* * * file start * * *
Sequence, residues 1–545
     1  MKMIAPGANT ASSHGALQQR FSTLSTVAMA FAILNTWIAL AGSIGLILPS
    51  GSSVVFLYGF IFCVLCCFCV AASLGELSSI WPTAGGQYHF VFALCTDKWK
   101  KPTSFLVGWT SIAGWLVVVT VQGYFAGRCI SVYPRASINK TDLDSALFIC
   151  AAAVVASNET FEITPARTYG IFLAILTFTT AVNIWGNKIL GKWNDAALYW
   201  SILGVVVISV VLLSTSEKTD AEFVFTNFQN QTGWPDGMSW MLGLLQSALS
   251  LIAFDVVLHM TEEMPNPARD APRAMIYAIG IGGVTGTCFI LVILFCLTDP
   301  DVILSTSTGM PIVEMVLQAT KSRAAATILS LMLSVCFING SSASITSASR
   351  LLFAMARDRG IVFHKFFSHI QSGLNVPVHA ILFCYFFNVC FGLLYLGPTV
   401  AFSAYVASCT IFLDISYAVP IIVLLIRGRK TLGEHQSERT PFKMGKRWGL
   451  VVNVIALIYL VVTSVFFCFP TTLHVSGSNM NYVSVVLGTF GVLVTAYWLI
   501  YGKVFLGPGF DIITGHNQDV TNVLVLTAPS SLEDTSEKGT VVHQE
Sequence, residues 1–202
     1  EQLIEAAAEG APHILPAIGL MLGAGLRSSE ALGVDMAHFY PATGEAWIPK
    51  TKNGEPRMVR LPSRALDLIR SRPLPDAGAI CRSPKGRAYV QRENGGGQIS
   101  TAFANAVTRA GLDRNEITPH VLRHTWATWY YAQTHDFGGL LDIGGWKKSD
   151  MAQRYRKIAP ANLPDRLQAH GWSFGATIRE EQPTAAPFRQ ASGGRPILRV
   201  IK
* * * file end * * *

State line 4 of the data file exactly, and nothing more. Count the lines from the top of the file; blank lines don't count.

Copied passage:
   101  KPTSFLVGWT SIAGWLVVVT VQGYFAGRCI SVYPRASINK TDLDSALFIC